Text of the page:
Ideologies trump arguments based on data

I had just written about levels of state regulatory burdens when I read two editorials in the New York Times, July 7, 2014 at A17. One of them describes four ways that GDP calculations mismeasure the size of our economy. For example, the author writes “In its first 20 years, the Clean Air Act generated health savings and other benefits valued at $22 trillion, compared with $500 billion in compliance costs.” He points out that the net gain is not counted in GDP. But my point is that some people will cheer that finding and accept it; others will jeer at it and vehemently reject the methodology as well; almost no one will reconsider their views.

Coincidentally, right next to that editorial, Paul Krugman bemoans the disjunction he perceives in many people between the beliefs they hold and how they process facts: “Confronted with a conflict between evidence and what they want to believe for political and/or religious reasons, many people reject the evidence.” Worse, the better informed they are, the more fervently opponents will toss out the contrary findings.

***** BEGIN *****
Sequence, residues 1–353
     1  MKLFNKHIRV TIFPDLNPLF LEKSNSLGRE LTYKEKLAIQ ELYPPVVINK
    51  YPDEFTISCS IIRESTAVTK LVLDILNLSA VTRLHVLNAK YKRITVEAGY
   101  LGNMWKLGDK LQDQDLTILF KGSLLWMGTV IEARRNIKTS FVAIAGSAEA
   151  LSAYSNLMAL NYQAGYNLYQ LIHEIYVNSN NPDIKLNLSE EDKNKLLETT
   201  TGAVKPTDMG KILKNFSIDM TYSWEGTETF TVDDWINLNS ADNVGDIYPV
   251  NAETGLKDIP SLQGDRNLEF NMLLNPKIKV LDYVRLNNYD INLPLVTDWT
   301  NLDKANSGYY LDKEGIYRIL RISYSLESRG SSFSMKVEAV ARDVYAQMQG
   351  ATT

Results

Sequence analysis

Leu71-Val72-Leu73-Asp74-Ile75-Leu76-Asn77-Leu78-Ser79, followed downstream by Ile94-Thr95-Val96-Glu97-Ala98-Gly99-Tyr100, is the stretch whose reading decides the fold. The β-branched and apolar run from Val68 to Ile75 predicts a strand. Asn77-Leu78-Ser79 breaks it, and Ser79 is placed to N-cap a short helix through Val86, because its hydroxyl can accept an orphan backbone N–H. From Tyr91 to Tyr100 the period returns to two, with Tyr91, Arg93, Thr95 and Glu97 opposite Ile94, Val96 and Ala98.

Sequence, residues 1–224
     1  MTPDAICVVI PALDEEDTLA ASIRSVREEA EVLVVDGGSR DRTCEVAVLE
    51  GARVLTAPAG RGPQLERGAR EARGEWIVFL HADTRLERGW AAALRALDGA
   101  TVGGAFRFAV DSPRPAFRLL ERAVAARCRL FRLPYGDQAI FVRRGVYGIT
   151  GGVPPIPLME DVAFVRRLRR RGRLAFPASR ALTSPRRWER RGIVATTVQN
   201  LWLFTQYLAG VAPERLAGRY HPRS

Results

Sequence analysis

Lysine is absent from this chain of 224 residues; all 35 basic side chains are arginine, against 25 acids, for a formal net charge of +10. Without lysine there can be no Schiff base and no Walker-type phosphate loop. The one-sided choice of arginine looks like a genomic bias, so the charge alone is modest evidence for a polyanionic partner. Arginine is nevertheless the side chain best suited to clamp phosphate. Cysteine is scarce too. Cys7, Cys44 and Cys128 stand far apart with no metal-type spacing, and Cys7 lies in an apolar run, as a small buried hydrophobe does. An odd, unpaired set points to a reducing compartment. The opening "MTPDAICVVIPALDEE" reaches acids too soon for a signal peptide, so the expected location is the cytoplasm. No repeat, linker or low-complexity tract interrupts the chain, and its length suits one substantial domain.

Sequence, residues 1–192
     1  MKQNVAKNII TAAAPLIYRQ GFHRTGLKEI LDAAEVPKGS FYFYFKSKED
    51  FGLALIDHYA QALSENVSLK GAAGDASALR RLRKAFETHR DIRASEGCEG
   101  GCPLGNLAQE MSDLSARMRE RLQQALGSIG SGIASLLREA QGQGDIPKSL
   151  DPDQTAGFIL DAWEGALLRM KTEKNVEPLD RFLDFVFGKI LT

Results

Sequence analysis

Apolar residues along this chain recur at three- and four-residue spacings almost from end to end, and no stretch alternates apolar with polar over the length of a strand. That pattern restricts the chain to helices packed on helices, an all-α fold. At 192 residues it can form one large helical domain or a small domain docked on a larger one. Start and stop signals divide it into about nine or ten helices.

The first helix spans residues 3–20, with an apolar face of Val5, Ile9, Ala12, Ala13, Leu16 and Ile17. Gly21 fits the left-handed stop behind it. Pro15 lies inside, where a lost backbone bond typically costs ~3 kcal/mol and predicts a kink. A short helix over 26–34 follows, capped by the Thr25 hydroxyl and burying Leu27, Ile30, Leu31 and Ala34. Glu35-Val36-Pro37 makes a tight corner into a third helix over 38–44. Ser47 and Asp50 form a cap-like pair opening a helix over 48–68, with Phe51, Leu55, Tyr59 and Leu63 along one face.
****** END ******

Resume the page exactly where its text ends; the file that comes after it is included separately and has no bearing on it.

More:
Those of us who collect and analyze data that reflect law department or law firm management decisions come to realize that the best benchmark data, the most insightful correlations, the clearest graphs stand almost no chance to persuade, or even inform, those who “just know” something different. Incentives work; money matters; technology speeds up; law firms gouge; convergence saves …. All of us, even as we cherish our self-image as being thoughtful, willing to change our minds, and open to different beliefs, are for the most part in ideological straight-jackets.

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